Walk Berwick

344 N. Market Street Rear 4

This is the Jackson Mansion Carriage House , built simultaneously with the Jackson Mansion and completed in 1879. The building was used to house the Jackson’s horses, carriage, and sleighs. It was also used as a workshop for the coachman, Jacob Knecht. The second floor was used to store hay for the horses. Pulleys

hoisted the hay into the large doors located on the front and back of the building. In the rear left corner of the property was a greenhouse. It was heated via underground pipes that connected to the coal stove in the Jackson Mansion’s kitchen. Note the original cast iron fence that surrounds the property. It was designed and manufactured in Berwick by William Washington Birt, a local blacksmith. Following the death of Mrs. Jackson and the later acquisition of the property by the Borough of Berwick, the Carriage House was transformed into a jail and police station. The jail cell still remains in one part of the building.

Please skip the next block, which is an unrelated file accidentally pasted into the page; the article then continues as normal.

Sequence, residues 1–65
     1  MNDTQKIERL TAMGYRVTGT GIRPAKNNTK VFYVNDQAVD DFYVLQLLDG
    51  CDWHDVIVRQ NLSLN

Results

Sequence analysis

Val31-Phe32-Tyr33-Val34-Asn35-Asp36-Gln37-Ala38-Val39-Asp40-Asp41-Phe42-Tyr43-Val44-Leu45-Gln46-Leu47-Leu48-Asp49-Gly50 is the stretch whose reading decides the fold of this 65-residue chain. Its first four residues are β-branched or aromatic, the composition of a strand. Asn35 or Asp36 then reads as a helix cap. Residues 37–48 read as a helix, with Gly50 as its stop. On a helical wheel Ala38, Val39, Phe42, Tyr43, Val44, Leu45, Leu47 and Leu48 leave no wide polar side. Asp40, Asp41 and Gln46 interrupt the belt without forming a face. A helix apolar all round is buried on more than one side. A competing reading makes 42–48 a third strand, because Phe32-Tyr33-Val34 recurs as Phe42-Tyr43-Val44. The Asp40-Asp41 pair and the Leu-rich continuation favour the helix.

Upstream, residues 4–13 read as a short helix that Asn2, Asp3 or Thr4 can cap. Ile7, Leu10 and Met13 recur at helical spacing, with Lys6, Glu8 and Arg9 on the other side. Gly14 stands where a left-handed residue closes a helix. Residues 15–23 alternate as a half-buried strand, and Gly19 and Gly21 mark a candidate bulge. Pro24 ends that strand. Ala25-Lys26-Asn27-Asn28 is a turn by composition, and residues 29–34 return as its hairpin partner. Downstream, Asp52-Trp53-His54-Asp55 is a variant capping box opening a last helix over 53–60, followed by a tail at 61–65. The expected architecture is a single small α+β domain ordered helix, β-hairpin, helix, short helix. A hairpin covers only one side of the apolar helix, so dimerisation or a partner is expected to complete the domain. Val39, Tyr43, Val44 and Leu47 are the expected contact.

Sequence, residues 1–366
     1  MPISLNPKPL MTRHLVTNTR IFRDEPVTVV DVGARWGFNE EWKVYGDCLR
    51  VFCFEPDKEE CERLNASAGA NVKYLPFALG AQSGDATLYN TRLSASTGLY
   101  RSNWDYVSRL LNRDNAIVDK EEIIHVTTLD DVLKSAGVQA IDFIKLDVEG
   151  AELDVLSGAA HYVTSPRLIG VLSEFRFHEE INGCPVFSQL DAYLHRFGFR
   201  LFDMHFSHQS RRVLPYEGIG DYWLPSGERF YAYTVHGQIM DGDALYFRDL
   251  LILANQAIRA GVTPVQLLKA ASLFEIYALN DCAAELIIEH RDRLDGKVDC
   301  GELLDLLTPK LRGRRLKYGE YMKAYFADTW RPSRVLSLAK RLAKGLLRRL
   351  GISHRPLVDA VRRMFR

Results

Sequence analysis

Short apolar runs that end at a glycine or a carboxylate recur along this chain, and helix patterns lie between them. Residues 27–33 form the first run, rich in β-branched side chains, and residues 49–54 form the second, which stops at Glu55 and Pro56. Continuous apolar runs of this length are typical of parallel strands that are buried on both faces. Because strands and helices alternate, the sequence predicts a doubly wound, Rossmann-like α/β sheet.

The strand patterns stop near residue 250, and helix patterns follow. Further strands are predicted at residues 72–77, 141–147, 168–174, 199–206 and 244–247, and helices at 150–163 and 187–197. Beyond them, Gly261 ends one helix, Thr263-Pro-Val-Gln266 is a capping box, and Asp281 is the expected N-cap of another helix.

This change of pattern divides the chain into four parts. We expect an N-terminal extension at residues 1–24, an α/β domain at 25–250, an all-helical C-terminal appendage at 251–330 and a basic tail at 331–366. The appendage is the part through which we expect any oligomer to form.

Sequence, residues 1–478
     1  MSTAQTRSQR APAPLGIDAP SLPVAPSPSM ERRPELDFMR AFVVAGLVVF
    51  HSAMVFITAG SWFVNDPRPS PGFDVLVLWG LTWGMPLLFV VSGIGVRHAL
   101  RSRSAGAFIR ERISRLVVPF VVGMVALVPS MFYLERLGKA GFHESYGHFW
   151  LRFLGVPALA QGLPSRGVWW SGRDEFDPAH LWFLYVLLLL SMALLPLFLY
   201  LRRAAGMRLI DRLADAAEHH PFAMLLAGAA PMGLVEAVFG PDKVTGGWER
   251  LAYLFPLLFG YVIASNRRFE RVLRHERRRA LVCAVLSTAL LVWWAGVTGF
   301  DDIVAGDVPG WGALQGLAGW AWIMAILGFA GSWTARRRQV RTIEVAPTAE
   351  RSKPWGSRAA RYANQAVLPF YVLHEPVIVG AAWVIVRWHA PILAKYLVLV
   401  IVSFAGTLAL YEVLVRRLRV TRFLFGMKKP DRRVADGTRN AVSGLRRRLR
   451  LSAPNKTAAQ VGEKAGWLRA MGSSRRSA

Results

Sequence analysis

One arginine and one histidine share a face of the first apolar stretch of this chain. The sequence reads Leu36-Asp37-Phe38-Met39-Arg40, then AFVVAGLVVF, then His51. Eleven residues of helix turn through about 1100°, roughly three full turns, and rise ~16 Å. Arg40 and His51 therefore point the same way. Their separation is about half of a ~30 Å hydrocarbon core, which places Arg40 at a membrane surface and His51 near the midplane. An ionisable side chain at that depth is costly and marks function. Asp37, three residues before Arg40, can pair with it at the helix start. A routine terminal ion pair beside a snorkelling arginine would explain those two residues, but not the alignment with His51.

•From Robbins Avenue, cross East 5 th Street and stop at the properties in front of you.

125 East Fifth Street 5

This home was built in 1927 using the brick and lumber taken from a torn-down building at the nearby Jackson & Woodin Manufacturing Company. The original occupants were Fred and Reba Johnson. The land was purchased from the Jacksons by Fred’s father, who was the head of the American

Car & Foundry Corporation (AC&F). The plans for the home were from a magazine. It is designed in the Dutch Colonial style and constructed of solid brick. Mrs. Reba Johnson, lived there until 1988. It was the childhood home of Russell Johnson, a world renowned designer and acoustician of venues for music performances. As of 2019, the home is owned by Ginny Crake.

Map Guide is available on Page 9



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